Is chicken really this dangerous? I can't imagine it is ... please advise.
You are already doing it right. It sounds like you had this figured out even before you asked the forum.
I think the key is keeping raw chicken (any meat) separated from uncooked foods and or equipment/tools.
Example would be using the same knife you de-boned a chicken with, then cut up tomato's for a salad with the same knife without washing it.
That to me is common sense.

I love to cook myself and you are in for a lifetime of fun and great eating!!!!
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Old 01-31-2014, 01:09 PM   #16
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I handle chicken like any other raw meat, always making sure everything is clean, and making sure to prevent cross contamination when using utensils. Just be aware of the potential risks. But of course, when it comes to cooking chicken, that's a different matter.
I can see health inspectors, for instance, adhering to these strict guidelines when it comes to handling raw chicken. Of course, it doesn't hurt for the average folk to follow these guidelines as well.
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Old 01-31-2014, 01:19 PM   #17
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Quote:
Originally Posted by PlinyChris View Post

- Wash my hands with soap after touching chicken and before touching anything else--the pan, the stirring spoon.
- When storing chicken, I wash my hands with soap, pick up raw chicken with one hand and use the clean hand to handle and close the ziplock bag--I also avoid touching the refrigerator door with a chicken contaminated hand. If juice leaks on the plastic bag, I will literally wash the bag with cold water and soap so it doesn't contaminate things in the fridge.
Yep, you're doing everything just right. The best advice came fromRL..

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Originally Posted by Rocklobster View Post
When cooking with chicken at home I like to deal with it last. Get all of your other ingredients, chopped, crushed, sliced,etc, and out of the way before you get the chicken out. You can put them aside in a bowl, or whatever. Then, I handle it as little as possible on a cutting board. Start your cooking. Then wash really well with hot soapy water. I don't worry about bleach. Just wash and rinse really well and you should have no problem....
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Old 01-31-2014, 01:35 PM   #18
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Quote:
Originally Posted by sparrowgrass View Post
I make sure to get everything out of the sink and clear the counters. It is a lot easier to clean up if you haven't dripped all over dishes and cracker boxes and knick-knacks.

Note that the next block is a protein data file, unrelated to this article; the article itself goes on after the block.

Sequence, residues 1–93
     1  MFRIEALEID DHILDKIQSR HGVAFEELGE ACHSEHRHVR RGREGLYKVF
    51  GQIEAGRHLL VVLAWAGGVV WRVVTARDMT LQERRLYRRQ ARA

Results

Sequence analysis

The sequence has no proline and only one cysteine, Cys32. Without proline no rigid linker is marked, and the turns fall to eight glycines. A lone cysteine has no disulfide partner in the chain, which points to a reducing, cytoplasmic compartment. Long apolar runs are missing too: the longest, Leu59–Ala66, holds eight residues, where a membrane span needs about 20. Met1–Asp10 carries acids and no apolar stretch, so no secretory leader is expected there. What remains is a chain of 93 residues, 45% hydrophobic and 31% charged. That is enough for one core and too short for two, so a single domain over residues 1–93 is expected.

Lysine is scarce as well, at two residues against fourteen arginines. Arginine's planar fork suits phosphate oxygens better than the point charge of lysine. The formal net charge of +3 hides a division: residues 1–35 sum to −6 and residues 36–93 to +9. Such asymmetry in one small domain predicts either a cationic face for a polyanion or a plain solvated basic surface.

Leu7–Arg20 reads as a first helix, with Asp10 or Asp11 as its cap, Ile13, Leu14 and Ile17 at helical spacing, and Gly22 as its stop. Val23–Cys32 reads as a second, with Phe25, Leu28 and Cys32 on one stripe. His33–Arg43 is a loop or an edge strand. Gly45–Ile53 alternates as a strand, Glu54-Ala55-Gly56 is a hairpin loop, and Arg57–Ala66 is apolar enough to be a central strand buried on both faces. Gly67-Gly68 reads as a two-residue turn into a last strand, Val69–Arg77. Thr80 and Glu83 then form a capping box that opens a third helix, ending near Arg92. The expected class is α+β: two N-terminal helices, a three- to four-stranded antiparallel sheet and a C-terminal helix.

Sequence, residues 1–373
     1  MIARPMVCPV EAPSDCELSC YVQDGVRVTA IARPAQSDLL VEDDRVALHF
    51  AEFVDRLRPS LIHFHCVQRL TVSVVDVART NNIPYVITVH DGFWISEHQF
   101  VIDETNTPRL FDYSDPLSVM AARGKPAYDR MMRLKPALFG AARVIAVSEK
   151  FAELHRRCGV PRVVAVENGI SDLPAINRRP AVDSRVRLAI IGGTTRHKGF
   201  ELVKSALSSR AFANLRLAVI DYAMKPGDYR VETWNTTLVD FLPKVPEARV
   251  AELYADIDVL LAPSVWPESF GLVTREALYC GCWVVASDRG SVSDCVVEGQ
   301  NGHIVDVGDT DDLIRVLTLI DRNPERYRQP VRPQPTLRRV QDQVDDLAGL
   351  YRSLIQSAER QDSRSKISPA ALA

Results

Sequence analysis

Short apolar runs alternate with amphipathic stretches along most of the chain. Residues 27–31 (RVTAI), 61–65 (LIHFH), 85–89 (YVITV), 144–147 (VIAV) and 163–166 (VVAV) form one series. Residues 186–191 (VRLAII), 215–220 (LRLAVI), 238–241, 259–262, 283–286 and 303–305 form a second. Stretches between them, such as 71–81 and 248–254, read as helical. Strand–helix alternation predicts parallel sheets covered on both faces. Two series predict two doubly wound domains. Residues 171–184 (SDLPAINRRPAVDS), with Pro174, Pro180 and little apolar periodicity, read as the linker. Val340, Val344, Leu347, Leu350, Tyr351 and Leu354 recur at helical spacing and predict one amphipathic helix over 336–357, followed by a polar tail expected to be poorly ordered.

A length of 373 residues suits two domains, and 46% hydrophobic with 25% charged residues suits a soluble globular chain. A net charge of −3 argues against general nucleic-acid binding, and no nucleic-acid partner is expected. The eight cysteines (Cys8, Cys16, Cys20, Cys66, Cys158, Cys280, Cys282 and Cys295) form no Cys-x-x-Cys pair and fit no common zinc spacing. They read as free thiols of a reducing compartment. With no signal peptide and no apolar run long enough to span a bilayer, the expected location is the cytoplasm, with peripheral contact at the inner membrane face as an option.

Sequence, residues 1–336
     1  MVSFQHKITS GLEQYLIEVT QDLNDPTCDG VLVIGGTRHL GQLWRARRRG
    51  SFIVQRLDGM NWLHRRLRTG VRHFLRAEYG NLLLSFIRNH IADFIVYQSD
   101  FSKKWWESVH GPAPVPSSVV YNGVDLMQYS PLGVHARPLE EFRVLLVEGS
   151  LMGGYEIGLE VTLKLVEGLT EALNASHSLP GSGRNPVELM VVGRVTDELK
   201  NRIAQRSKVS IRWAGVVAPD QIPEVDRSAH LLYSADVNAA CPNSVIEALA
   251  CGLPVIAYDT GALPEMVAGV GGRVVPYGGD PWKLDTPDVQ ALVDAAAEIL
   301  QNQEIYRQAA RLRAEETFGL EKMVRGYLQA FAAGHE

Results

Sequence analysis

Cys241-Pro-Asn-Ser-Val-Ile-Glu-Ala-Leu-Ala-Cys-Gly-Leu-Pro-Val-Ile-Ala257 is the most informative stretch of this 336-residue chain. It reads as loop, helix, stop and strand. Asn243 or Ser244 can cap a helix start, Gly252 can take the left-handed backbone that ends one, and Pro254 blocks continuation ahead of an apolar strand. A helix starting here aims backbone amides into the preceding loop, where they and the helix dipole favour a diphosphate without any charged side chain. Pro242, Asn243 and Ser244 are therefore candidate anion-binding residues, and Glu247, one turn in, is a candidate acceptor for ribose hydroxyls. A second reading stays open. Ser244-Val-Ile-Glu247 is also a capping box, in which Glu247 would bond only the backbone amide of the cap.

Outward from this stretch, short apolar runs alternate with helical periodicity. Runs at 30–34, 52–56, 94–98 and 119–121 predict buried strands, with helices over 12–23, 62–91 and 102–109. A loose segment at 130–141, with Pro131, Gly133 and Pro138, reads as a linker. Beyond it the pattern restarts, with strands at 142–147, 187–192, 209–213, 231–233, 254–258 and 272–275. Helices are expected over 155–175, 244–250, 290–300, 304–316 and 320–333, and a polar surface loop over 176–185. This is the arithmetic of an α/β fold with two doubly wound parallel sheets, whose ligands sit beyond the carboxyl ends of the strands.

I buy chicken and pork in big family sized packages, so I break them up into serving portions, and maybe bone or slice some of it all at once, so I only have to do a major cleanup then. When I get ready to use it, all I have to do is move it from the bag to the pan.

Pork worries me more than chicken, I think. Many large hog operations have MRSA infections endemic in the hogs.
I hadn't heard about MRSA contamination of meat. I Googled, and that's not something I want to have to deal with.
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Old 01-31-2014, 01:42 PM   #19
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Quote:
Originally Posted by Mad Cook View Post
Not just chicken and pork. Any raw meat and fish.

I assume that everyone washes their hands before handling food. When you've handled raw meat or fish wash the again and there is a technique involved in doing it properly:
How to wash your hands - Hand Washing Techniques from the NHS - Give soap a chance
You can buy anti-bacterial hand-washes but good old soap is as good. Hot water isn't absolutely essential as if you use water hot enough to kill bacteria you'll end up in the ER with 3rd degree burns! According to some research from a few years back it's the friction involved in washing properly that dislodges bacteria not the heat of the water. ...
Thanks for the hand washing link. That's pretty much how I wash my hands, but to a large extent I worked it out myself. I also make sure to rub all my cuticles, where micro-organisms could get trapped between nail and cuticle, and the tops of all my fingers.

When I worked in hospitals in Denmark I was told about a hand washing study. The germs come off with friction because the soap helps dissolve grease. They also determined that water that was warmer than comfortable was counter-productive. It dries your skin and you get chapped hands. Chapped skin traps germs.
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Old 01-31-2014, 02:55 PM   #20
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....Best advice I have is use common sense, but don't take it to the paranoid stage.
^This^

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Quote:
Originally Posted by PlinyChris View Post
Wow, this community is awesome (and fast to respond). Lots of valuable experience and suggestions. Thank you all.......Really, really appreciate everyone taking the time to share knowledge.

Have a wonderful weekend.

Chris
Glad we could help Chris, but just because you got answers doesn't mean you need to be a stranger around these parts. You probably have tidbits to share with us too, so be sure to come back, OK?